South Africa’s five-month ban on cigarette sales slashed the number of emergency visits from patients with lung disease at a regional hospital by about 70% new research has revealed. This is the first study to examine the health impact of the sales ban.
It found that the government’s attempt at protecting people’s health and reduce the strains on the health system through the sales ban was successful. The research was published on February 15 in the African Journal of Primary Health Care & Family Medicine.
Speaking to Kaya Breakfast, Dr Sharon Nyatsanza, Project and Communications Manager at the National Council Against Smoking shared how The George Regional Hospital in the Western Cape recorded the biggest drop in smoking-related illnesses.
Listen to the full conversation here:
“What we see from this research, we see that there was a drop of around 70% in people who were reporting the COPD (Chronic obstructive pulmonary disease) with the main causes of COPDs being smoking. What they did see was that people had cut down on the number of cigarettes they were smoking and some people had stopped smoking.”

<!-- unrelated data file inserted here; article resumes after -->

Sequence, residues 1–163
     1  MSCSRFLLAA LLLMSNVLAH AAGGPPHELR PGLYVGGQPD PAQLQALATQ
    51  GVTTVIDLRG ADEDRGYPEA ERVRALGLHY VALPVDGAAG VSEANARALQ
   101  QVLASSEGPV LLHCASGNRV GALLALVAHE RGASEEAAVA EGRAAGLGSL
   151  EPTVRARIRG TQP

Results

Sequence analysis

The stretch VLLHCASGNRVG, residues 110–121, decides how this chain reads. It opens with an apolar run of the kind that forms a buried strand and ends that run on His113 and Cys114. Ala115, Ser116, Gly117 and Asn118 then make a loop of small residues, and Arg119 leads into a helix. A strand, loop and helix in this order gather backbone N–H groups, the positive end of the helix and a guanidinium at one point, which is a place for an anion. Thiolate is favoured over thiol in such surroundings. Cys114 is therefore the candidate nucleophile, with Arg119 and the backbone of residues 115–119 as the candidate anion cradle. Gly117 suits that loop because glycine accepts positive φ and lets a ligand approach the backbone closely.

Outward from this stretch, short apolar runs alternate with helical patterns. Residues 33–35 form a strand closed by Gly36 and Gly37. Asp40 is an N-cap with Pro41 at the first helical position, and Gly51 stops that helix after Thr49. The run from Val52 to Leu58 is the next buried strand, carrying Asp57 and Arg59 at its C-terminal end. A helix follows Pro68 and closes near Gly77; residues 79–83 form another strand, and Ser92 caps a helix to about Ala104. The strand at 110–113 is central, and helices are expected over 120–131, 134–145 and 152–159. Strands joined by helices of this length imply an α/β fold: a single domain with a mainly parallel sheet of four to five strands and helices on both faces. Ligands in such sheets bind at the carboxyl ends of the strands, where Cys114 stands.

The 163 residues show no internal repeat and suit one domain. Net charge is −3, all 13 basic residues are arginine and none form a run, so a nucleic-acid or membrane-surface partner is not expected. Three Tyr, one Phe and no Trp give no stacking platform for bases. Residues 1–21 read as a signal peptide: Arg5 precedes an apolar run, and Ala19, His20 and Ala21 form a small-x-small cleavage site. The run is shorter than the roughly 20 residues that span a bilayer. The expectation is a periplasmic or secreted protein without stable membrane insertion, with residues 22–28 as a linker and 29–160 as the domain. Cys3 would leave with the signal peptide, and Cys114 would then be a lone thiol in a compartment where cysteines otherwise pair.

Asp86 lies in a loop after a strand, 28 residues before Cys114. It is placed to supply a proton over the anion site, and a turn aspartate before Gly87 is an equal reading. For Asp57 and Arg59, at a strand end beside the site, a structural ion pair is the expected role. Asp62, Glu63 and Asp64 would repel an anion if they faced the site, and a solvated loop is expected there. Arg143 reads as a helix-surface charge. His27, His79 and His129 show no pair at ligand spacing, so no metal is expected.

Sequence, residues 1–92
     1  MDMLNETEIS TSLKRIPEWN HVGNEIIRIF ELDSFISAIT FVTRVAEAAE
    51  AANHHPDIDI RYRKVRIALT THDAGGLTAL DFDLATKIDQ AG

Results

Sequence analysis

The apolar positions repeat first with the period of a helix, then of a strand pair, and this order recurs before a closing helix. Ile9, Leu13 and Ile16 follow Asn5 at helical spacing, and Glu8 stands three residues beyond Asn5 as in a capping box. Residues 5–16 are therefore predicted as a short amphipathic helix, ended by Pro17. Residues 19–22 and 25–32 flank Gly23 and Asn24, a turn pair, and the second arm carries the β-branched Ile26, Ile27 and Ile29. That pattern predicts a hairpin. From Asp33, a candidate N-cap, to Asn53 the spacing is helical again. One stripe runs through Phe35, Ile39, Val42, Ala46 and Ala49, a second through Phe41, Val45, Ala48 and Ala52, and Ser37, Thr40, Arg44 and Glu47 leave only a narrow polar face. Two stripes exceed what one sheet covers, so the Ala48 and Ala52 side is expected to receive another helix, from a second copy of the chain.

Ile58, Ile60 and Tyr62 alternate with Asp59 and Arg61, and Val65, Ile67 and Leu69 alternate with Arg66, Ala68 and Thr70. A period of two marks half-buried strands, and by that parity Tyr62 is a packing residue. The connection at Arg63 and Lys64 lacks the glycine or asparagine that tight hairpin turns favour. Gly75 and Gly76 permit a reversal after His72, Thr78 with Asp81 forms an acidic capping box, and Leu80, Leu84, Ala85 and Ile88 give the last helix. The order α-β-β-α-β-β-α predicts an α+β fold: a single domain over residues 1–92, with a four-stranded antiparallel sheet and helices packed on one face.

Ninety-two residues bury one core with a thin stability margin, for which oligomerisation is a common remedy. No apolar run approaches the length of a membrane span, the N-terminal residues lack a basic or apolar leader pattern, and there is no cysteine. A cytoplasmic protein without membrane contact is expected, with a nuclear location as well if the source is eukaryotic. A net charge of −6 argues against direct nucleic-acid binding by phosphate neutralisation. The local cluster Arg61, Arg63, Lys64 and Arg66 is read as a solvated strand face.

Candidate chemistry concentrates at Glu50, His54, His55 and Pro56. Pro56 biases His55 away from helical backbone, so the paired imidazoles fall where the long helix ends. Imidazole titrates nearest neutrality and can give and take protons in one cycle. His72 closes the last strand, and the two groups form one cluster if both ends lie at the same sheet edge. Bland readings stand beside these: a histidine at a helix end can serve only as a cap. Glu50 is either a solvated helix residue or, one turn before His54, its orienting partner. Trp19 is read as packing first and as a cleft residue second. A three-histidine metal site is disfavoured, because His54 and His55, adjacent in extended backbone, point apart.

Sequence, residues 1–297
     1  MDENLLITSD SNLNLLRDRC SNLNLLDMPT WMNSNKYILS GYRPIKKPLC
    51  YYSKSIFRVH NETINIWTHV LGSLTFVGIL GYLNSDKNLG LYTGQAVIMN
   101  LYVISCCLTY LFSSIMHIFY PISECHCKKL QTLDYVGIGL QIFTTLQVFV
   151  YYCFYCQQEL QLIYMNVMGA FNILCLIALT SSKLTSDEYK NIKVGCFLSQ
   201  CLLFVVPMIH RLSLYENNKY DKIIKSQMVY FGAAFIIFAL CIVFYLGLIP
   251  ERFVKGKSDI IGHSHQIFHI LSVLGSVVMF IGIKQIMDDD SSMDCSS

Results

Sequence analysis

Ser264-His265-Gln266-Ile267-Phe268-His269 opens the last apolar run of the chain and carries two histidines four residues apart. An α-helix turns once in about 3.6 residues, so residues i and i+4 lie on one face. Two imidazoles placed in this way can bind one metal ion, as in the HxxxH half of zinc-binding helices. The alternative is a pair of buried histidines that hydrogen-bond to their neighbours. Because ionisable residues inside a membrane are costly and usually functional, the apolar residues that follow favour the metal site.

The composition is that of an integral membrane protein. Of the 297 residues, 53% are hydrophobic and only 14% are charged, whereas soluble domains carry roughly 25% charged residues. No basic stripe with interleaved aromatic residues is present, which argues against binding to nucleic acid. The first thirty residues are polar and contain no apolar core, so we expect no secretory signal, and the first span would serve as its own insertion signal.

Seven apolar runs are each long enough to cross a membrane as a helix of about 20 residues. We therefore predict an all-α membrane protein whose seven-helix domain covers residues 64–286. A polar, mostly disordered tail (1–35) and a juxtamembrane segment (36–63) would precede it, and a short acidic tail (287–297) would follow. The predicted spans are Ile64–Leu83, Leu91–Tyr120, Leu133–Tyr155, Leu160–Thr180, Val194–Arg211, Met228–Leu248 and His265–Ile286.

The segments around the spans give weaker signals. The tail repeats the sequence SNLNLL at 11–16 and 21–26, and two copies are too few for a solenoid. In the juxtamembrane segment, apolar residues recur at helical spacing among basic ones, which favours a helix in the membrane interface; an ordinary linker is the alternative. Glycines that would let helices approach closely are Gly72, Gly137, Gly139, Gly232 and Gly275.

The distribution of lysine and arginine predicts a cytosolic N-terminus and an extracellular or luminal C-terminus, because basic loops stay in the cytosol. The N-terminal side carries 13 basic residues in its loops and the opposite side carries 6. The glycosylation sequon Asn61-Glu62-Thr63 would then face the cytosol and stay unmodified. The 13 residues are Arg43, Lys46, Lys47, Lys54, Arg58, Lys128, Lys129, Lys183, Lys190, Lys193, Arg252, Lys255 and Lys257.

A decrease in Chronic Obstructive Pulmonary (COPD) disease cases
COPD is a lung disease causing shortness of breath or a constant cough, and years of sickness and suffering.
The chemicals in tobacco smoke irritates the lungs and destroy lung tissue, making smoking a major cause of COPD.
People with COPD are also at higher risk of severe illness and death from COVID-19. There were also fewer people going to hospitals, a direct relation to the 5-month cigarette ban which was imposed in the country.
While stopping smoking is beneficial to those with COPD, getting treatment for worsening COPD is always important. Help in stopping tobacco use is available from the National Quit Line (011 720 3145).